Robotic Phlebotomist Could Help With Covid Testing

robotic-blood-test-for-covid19

The current outbreak of Covid-19 has put immense pressure on both the wider healthcare system in the U.S and phlebotomists in particular.  The greater need for antibody tests, which normally involve a blood draw, and the difficulties of conducting standard blood tests during social distancing have placed phlebotomists in high demand.

 

However, engineers at Rutgers University have developed a robot that autonomously draws patient blood and immediately performs hematology analysis. Such technology may help to speed up patient care, free clinicians to do other tasks, and even reduce the number of failed IV starts.

Reducing the Workload of Phlebotomists

With a combination of increased workload an overloaded healthcare system grappling with a pandemic and the increased restrictions on social content, healthcare facilities have been struggling to cover the number of blood drawn needed.

 

The autonomous blood-drawing robot created by Rutgers University was recently tested in a clinical trial for the first time and the results, published in the journal, Technology, showed that the robot is as good or better than trained phlebotomists at obtaining venous access.

 

While it is still in the early stages of development, a reliable method for efficiently drawing blood without the need for content between the patient and phlebotomist could be hugely helpful in the current crisis.

 

Lead study author Josh Leipheimer, a biomedical engineering doctoral student at Rutgers University reported that “A device like ours could help clinicians get blood samples quickly, safely and reliably, preventing unnecessary complications and pain in patients from multiple needle insertion attempts.”

As Effective as a Human Phlebotomist 

The study printed in Technology indicated that in 87% of all the volunteers, blood was drawn successfully on the first try, and for those who had easy to access veins, the rate was an impressive 97%. The robot uses ultrasound coupled with a programable algorithm to identify the best blood drawing spots.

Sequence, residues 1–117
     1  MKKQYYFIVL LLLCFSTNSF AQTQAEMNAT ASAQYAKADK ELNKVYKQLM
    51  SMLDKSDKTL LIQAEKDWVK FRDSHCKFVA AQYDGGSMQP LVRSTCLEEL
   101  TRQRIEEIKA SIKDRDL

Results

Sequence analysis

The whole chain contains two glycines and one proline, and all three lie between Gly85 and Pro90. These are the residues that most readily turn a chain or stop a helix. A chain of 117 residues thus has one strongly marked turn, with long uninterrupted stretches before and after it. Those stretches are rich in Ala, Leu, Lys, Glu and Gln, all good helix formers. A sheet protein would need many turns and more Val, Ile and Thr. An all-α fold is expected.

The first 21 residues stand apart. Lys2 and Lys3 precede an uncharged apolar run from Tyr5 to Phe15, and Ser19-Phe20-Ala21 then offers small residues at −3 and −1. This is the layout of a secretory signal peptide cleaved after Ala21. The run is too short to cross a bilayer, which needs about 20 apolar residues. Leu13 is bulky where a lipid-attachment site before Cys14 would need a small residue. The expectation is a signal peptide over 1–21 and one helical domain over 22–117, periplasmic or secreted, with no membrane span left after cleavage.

Currently, clinicians can miss target veins in patients who lack visible veins and with veins that are not palpable. Trying the procedure repeatedly can lead to thrombosis, infections, and other maladies.

 

The cost of the robot is the main limiting factor in its commercialization, meaning it is highly unlikely to threaten the jobs of human phlebotomists. However, in certain circumstances, such as the need to draw blood from a large number of potentially infected individuals while maintains the safety of both patient and staff, such a machine could prove to be invaluable.

Learning New And Important Skills

At Northwest Career College, we pride ourselves on providing one of the premier Phlebotomy Schools in Las Vegas. Our phlebotomy students have an 89% national exam pass rate, and you can graduate in as little as three months

 

Our established and seasoned instructors will take you through every aspect of Phlebotomy and Northwest offers day, afternoon, and night classes to accommodate your busy Las Vegas work and family schedule. Call us today at (702) 403-1592 to speak to one of our admissions specialists about your new Phlebotomy career.

 


Written by:
Jenette Ashcraft, N.C.M.A.
Allied Health Department Director

 

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